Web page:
6 months: 67 vs.36%; p=0.05
12 months: 60 vs. 35%; p= NS
13 months: 75 vs.64%; p= NS

Differences in GMT between 2 groups at:

6 months (after 1st dose): significant for 5 of 7 serotypes
6B (p =0.036)
9V (p = 0.019)
18C (p = 0.039)
19F (p = 0.043)
23F (p = 0.03)

12 months (after 2nd dose): significant for 4 of 7 serotypes
6B (p = 0.013)
14 (p = 0.019)
19F (p = 0.023)
23F (p = 0.0004)

*GMT concentrations in group who received PNEUMO-C-7 at 3, 6, 12 months (N = 45) was significantly higher for all 7 serotypes compared with GMT of PNEU-P-23 group of another study (N = 22) who received initial dose of PNEU-P-23 at 12 months.

Factors independently influencing GMT following HSCT using linear regression analysis:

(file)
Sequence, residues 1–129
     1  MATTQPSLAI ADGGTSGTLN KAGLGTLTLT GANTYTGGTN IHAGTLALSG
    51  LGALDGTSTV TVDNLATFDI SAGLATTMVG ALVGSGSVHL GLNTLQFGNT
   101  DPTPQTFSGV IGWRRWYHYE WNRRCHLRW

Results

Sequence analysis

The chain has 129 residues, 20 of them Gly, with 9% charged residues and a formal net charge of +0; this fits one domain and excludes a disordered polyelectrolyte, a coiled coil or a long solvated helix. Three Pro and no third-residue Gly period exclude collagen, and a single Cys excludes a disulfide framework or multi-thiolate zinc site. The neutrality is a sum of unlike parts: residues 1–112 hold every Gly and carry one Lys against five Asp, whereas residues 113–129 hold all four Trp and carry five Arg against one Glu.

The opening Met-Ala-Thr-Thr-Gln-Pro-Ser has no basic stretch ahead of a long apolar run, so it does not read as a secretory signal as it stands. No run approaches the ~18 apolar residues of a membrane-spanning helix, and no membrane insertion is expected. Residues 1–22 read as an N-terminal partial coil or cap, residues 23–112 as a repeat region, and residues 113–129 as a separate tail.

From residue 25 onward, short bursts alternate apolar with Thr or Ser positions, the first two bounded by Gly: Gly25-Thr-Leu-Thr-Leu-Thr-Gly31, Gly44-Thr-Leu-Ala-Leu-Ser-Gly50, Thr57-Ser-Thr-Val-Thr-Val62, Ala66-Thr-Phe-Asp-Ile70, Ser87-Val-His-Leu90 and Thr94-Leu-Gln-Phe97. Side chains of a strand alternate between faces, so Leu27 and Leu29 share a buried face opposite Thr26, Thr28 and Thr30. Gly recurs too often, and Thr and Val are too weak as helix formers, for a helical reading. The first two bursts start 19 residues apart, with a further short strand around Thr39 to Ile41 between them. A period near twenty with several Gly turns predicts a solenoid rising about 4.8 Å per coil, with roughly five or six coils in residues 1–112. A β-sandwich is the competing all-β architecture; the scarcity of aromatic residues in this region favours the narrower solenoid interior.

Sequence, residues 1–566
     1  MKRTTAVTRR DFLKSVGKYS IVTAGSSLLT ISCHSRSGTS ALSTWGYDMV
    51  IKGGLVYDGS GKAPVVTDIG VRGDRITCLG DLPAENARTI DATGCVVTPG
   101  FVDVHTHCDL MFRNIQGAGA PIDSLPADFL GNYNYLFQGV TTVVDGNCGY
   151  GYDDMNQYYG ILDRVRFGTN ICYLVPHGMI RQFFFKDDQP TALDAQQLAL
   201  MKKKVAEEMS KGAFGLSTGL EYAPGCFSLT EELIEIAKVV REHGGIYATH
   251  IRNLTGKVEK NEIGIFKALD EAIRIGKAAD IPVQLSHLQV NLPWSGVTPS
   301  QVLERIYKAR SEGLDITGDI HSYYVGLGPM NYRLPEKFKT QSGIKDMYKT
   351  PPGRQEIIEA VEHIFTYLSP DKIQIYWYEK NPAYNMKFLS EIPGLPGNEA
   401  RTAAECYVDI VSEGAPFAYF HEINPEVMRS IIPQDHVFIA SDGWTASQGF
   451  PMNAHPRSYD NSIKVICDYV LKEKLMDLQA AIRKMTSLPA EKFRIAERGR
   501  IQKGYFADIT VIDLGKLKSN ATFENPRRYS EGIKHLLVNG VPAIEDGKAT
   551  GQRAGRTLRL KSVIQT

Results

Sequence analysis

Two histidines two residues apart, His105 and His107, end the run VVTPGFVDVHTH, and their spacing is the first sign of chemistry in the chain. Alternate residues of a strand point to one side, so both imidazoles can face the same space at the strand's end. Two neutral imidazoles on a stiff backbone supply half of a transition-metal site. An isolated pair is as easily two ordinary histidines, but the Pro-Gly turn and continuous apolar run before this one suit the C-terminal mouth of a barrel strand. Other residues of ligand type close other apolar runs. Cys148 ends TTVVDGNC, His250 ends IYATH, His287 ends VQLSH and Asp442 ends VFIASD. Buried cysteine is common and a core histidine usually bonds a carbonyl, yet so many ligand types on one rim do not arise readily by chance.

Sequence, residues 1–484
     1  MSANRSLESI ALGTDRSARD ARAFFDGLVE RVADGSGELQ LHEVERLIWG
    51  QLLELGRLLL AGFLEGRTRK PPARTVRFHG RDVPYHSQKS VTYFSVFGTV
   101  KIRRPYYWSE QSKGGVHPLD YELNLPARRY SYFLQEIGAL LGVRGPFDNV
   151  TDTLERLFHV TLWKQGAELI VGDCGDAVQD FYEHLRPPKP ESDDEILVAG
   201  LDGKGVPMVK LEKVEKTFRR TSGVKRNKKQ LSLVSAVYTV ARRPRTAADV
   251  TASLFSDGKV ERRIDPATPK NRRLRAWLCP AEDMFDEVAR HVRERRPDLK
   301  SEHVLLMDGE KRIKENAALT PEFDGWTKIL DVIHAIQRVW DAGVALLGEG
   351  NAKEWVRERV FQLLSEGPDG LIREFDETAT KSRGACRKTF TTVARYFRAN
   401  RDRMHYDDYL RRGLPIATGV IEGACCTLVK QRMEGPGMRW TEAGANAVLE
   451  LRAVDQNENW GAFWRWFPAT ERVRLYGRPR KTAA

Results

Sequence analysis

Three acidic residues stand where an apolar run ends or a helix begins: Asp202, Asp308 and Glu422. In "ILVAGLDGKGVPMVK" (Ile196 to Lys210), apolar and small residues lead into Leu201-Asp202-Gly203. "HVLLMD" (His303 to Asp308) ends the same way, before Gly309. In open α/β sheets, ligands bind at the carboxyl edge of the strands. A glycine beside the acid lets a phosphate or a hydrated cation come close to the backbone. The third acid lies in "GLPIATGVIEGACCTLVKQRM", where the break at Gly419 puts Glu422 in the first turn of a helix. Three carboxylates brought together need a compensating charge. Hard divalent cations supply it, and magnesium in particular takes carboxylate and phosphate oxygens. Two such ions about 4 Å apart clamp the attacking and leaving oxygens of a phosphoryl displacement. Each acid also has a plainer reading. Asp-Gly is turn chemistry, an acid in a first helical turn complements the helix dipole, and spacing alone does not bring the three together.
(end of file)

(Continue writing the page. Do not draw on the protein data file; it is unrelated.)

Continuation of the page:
Donor immunization – higher GMT
Administration of IVIG prior to PNEU-C-7 after HSCT – higher GMT at 3 months

Level I

Fair

Kumar, 2007 (25)

PNEU-P-23
PNEU-C-7

Dose: 0.5 mL

Donors – recipients pairs

Donors:
1 dose of either vaccine ≥ 2 weeks before harvesting

Recipient: 1 dose of either vaccine 6 months after HSCT.

Route: IM

Serotypes tested: 4, 6B, 14, 18C, 19F, 23F.

Randomized, double-blind, controlled trial.

Pairs randomized

Length of follow-up: 12 months post HSCT.

Response: 2-fold increase in GMT and absolute titer ≥ 0.35 µ/mL

N = 64 donor-recipient pairs (Allo HSCT)

PNEU-C-7 pairs = 32
PNEU-P-23 pairs = 32

Baseline:
Similar for donors and recipients

Immunogenicity
GMT in donor: no difference between PNEU-P-23 and PNEU-C-7
GMT at 6 months post-HSCT: